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Giants in the sky

By Vernon Whetstone
Amateur Astronomer

When ancient mapmakers didn’t know for sure what was beyond the edge of what was drawn on their maps, they wrote in, “Here there be giants.”
In addition to the giants of Orion and Hercules, there is another giant character from mythology who inhabits our sky. Unfortunately, this one is a little more difficult to locate.
He is called, “The Serpent Bearer” and goes by the name of Ophiuchus (pronounced Oh-fee-you-kus).
Many ancient cultures have associated this constellation with a snake. His name translates as “Serpent Bearer” and on both of its sides are small groupings of stars representing the head of a snake (Serpens Caput) and its body, or tail (Serpens Cauda).
The Romans associated it with Asclepius, the god of healing, which is why the symbol of two snakes entwined on a stick (a caduceus) is the modern symbol of medicine.
Ophiuchus is an odd-shaped polygon—mostly rectangular—located in the southeastern sky. Its stars are mostly second and third magnitude so you will need a moderately dark sky to help locate them.
One locator help will be to draw a line from Vega—our old friend from the Summer Triangle in Lyra, the Harp—down to the right to Antares in Scorpius. This line will run almost down the length of Ophiuchus.
If you remember how to find Hercules from last week, Ophiuchus is just to its lower right.
There are several Messier objects in Ophiuchus as well as numerous double stars and the general sprinkling of star clusters and galaxies. It is a good place to roam with a pair of binoculars.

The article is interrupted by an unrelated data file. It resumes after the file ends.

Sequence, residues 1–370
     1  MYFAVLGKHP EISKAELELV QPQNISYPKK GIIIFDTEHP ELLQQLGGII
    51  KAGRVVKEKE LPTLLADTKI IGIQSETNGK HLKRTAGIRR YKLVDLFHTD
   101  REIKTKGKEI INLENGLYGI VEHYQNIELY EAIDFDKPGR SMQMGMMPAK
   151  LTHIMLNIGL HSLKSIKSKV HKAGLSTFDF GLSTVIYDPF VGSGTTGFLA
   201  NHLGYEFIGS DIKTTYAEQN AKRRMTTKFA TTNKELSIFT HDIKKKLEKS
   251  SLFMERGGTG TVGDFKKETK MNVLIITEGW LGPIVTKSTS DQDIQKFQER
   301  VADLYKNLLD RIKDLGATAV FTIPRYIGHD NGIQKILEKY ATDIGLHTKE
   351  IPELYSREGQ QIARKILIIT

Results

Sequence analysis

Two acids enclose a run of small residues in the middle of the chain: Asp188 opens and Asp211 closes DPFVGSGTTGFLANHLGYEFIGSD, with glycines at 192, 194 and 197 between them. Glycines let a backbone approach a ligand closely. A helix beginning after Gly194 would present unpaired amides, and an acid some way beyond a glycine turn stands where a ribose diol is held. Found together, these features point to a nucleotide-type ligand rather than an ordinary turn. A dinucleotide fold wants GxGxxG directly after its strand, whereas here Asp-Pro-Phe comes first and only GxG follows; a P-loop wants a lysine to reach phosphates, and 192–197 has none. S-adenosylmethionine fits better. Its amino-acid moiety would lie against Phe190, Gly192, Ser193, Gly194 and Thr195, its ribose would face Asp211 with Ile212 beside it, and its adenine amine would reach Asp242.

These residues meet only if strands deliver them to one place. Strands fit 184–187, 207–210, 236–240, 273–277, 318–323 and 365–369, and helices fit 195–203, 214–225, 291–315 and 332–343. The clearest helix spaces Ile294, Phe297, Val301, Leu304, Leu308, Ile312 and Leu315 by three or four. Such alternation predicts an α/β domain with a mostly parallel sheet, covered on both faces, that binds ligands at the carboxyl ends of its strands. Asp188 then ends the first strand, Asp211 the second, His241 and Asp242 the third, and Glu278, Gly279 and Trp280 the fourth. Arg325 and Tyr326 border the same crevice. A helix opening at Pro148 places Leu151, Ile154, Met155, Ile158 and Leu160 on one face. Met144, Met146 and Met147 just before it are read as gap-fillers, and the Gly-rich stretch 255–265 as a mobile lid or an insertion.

SKY WATCH: New moon, Saturday, June 8. The spectacular triple planet meet-up with Venus, Jupiter, and Mercury of last week is over. However, Mercury and Venus remain in our evening sky to entertain us for a few more weeks.
At present both planets are appearing higher in the evening sky each night and will continue to do so until June 19, when Venus will catch up with fleet-footed Mercury and the tiny planet will then head for the horizon.
Venus continues on for a spectacular meeting with M44, the Beehive star cluster, and Regulus, the brightest star in Leo, the Lion in July.
On Monday, June 10, a very skinny crescent moon will join Mercury and Venus in the western evening sky. Look about a half-hour to 45 minutes after local sunset. This is also a good time to look for evidence of Earthshine, the light of the Sun reflected off Earth’s surface back onto the moon creating an almost ghost-like face for the moon.
Saturn is now a very observable evening object being high in the south about an hour after local sunset. For a really good view of its rings a telescope will be needed. Saturn and the star Spica, the brightest star in Virgo, the Maiden, are close, looking like a small imitation of Castor and Pollux in Gemini and are very similar in brightness,
A good way to tell them apart is to remember that stars twinkle, and planets don’t.